Florida Supreme Court brings clarity to Attorney-Fiduciary privilege (different from the attorney-client privilege)


The attorney-client privilege is one of the oldest legal concepts and the backbone of providing effective legal services.  It keeps the communication between an attorney and her client secret and protects it from disclosure, with some exceptions, even when other rules compel disclosure. It is the attorney’s duty and the client’s right―an assurance that she may communicate with her attorney frankly and openly.

The privilege covers communication relating to legal representation between the lawyer and her client that the client intends not to disclose to third persons. Fla. Stat. § 90.502. This privilege is not, however, absolute and many jurisdictions have recognized an exception in fiduciary relationships. This exception allows beneficiaries of a trust to obtain privileged communication between the trustee who administers the trust for their benefit and the attorney who advised the trustee on her fiduciary duties.

In Florida, a statutory provision enacted in 2011 expressly eliminated this exception. Fla. Stat. § 90.5021.  However, because the rule is partly procedural in nature, it had to be approved by the Florida Supreme Court to be fully in effect. Over the past six years, the Court repeatedly dealt with the rule, but never adopted it, nor did it rule against it.  This year, after the Florida Bar’s Probate Rules Committee and the Code and Rules of Evidence Committee initiative, the Court finally adopted the rule, bringing the much needed clarity. In re Amends. to Fla. Evidence Code, So.3d, 2018 WL 549179 (Fla. Jan. 25, 2018).

The rule applies to most types of fiduciaries, including personal representatives, trustees, administrators, and guardians. Fla. Stat. § 90.5021(1). “A communication between a lawyer and a client acting as a fiduciary is [now undisputedly] privileged and protected . . . as if the client were not acting as a fiduciary.” Fla. Stat. § 90.5021(2). The Florida Supreme Court ruled that the adoption is effective retroactively to June 21, 2011, the date when it became law.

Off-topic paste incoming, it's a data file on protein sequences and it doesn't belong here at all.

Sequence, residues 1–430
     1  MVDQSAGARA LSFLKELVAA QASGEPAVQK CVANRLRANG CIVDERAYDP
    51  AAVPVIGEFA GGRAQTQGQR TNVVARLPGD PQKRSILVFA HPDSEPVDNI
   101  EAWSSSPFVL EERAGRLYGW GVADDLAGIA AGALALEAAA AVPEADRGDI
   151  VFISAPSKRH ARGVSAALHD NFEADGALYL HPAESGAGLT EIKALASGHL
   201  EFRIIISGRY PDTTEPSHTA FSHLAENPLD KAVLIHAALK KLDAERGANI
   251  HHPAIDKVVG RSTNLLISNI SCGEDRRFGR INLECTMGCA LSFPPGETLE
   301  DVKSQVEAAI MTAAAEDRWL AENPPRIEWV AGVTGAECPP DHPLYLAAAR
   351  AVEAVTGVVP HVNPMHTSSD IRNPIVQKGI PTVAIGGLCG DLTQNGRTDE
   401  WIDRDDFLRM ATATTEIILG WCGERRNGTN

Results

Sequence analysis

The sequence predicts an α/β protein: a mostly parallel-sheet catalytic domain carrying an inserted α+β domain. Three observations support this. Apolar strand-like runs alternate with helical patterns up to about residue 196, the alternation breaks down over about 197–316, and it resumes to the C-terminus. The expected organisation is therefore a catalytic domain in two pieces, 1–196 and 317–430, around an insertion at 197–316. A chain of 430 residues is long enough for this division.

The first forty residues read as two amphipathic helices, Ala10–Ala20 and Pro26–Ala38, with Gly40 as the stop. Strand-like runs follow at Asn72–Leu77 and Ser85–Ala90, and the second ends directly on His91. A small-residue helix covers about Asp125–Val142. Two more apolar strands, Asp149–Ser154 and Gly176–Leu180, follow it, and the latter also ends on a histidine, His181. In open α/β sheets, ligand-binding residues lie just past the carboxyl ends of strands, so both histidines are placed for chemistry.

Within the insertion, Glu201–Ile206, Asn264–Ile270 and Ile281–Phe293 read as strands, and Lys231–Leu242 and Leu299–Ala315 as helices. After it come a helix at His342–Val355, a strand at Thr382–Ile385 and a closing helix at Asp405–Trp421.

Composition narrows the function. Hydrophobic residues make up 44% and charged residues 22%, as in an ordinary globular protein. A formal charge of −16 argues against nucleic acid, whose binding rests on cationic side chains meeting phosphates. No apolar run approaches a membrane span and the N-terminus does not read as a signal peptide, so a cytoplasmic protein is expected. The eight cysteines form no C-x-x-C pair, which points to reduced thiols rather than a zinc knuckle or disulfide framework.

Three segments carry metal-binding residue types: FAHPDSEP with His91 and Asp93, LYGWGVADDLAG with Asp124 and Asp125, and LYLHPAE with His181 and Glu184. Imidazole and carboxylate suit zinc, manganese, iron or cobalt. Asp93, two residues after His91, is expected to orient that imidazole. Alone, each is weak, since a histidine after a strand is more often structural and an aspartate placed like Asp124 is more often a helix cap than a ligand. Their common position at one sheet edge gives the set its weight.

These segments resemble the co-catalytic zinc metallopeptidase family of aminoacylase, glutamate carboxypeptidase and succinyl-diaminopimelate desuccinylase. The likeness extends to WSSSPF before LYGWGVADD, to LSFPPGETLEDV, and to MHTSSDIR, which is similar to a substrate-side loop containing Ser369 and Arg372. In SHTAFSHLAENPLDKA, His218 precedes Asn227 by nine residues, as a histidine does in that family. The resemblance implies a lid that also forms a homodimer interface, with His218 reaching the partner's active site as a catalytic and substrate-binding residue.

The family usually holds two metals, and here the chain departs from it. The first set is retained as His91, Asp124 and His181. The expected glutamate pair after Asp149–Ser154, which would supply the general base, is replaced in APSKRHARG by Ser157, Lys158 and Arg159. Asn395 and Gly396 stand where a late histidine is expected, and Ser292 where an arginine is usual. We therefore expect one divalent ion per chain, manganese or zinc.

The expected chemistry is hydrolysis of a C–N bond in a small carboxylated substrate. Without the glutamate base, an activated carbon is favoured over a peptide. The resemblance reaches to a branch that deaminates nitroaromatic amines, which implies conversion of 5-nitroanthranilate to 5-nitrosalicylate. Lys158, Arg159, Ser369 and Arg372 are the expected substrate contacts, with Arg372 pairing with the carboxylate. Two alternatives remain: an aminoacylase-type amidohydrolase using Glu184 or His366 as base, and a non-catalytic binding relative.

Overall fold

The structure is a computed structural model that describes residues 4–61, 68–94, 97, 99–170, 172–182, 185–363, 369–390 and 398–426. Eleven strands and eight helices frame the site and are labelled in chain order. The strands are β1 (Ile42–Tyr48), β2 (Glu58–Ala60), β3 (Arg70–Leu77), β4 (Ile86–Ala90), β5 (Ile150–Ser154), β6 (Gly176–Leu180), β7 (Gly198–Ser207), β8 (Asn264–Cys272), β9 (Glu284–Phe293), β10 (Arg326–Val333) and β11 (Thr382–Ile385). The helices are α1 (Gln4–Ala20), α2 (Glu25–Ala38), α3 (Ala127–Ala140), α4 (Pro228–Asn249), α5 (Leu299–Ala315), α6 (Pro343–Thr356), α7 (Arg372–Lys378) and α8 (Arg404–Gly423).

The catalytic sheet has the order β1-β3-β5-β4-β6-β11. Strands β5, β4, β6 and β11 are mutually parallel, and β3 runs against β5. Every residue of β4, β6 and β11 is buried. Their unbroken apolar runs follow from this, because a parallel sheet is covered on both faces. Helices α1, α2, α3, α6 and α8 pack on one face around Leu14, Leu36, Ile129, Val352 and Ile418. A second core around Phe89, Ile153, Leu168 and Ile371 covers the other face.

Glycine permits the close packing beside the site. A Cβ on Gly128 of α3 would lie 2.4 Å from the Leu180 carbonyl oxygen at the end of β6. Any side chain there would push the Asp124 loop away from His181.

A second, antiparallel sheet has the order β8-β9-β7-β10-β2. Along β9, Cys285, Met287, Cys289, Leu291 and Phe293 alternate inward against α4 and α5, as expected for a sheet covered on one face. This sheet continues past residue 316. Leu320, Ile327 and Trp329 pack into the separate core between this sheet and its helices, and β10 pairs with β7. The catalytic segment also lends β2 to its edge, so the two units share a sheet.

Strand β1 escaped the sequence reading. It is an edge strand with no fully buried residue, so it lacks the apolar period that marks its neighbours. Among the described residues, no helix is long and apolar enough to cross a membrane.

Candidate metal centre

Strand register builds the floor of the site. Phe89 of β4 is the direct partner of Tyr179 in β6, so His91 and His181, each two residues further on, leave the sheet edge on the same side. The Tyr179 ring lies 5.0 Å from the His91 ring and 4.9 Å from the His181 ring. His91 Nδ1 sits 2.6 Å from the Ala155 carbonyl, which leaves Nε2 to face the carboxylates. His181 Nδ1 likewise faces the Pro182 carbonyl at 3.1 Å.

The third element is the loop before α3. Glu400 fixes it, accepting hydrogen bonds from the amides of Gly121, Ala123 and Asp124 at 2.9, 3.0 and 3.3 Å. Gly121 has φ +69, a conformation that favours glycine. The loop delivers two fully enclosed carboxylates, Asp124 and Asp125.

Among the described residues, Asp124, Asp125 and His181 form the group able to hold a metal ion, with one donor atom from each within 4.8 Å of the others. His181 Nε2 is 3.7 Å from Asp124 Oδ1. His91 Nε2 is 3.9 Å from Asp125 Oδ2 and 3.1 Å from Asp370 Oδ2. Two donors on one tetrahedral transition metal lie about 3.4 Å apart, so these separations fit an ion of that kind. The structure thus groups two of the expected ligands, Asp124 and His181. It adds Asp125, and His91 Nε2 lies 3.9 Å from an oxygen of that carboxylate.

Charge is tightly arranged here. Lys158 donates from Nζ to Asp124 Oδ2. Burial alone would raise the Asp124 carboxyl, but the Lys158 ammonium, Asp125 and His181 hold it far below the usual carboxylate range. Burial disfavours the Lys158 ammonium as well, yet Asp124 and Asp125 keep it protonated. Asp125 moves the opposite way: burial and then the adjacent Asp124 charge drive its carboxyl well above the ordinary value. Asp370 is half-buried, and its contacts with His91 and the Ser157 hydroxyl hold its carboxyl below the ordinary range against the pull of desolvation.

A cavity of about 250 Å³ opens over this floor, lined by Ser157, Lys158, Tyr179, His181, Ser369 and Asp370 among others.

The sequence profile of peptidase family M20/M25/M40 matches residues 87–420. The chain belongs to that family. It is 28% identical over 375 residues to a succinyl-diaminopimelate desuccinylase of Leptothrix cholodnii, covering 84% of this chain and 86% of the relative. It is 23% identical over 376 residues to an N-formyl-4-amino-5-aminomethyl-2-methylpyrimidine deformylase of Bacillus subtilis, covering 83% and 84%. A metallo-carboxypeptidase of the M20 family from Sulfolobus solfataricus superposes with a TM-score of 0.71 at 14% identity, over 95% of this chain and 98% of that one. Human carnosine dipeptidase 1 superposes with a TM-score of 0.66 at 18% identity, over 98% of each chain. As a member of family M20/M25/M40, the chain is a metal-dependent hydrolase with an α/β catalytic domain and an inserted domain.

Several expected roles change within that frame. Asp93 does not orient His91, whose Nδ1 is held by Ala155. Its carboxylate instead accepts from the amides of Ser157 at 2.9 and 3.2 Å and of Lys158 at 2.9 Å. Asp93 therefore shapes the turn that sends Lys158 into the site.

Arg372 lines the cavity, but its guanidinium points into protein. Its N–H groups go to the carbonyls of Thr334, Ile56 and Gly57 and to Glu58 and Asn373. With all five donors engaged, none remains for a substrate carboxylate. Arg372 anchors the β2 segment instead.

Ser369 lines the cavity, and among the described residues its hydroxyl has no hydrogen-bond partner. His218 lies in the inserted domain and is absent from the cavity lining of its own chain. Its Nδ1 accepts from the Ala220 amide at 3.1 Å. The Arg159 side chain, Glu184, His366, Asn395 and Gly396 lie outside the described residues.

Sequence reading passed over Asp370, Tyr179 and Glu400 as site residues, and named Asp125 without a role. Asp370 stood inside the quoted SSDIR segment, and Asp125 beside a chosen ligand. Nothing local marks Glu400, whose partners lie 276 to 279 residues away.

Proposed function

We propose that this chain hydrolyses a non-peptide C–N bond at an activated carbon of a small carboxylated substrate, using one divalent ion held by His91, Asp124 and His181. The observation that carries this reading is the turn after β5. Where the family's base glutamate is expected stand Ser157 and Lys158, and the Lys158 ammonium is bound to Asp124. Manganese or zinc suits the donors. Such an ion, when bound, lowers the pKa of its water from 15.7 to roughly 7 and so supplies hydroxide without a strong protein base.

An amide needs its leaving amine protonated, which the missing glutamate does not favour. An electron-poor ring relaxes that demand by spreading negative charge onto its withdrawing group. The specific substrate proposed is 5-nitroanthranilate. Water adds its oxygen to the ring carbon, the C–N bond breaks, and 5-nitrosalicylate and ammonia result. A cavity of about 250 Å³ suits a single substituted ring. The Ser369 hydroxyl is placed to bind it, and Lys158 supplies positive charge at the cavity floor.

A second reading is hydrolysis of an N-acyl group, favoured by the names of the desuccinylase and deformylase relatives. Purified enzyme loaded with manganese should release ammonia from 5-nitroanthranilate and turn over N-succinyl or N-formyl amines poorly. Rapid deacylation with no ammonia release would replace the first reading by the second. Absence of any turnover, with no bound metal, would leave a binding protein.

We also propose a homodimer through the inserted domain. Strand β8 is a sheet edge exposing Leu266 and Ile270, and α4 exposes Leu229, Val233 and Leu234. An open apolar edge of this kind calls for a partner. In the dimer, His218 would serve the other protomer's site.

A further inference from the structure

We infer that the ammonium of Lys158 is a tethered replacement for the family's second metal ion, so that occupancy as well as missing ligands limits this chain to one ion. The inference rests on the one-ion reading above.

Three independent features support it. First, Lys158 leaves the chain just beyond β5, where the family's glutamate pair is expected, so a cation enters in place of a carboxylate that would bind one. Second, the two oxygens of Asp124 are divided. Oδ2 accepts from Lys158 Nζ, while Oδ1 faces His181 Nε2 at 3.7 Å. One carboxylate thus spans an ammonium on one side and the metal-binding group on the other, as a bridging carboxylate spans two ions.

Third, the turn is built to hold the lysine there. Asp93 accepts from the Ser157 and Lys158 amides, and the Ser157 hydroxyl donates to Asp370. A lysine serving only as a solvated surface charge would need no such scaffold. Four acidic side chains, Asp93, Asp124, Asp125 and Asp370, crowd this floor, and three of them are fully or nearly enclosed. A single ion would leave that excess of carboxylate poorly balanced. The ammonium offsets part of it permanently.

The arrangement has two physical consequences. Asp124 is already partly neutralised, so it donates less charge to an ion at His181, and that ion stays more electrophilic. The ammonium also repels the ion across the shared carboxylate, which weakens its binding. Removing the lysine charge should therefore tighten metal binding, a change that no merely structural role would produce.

This rule may present an interesting shift in certain situations. The attorney-client privilege traditionally does not apply where the legal services were obtained to commit what the client knew was a crime or fraud or where the “communication is relevant to an issue between parties who claim through the same deceased client.” Fla. Stat. § 90.502(4)(a),(b).

The latter exception covers, for example, a situation where four children challenged the testamentary capacity of their deceased mother. The children sought to revoke probate of their mother’s wills and asserted undue influence against a fifth child, who was the only child named as beneficiary in the wills. Based on the exception, the court refused to recognize the communication between the deceased mother and the attorney who prepared the wills as privileged. Vasallo v. Bean, 208 So. 3d 188 (Fla. 3d DCA 2016).

While the newly-adopted rule recognizing the privilege between the attorney and a fiduciary clearly states that it does not affect the crime or fraud exception, it does not mention the other exceptions, including the one where “communication is relevant to an issue between parties who claim through the same deceased client.” Fla. Stat. § 90.502(4)(b). By leaving out theses remaining exceptions, did the Florida Legislature intend the attorney-fiduciary privilege to trump them? It seems so.  That would mean that in situations where “communication is relevant to an issue between parties who claim through the same deceased client”, such as the one in Vasallo, but where the “deceased client” was also a fiduciary, such as if she created a trust through which the parties now claim, and also appointed herself to a fiduciary position of a trustee, the beneficiaries would not be able to break the privilege between the deceased fiduciary and her attorney who drafted the trust documents.

The foregoing provides a brief overview of the attorney-fiduciary privilege.  If you are interested in more information, please do not hesitate to contact the lawyers at Chepenik Trushin LLP, who are experienced, ready, and willing to help. Bart Chepenik, 305-613-3548, Brad Trushin, Office, (305) 981-8889. We answer our cell phones and text messages 24 / 7, call us today for help.

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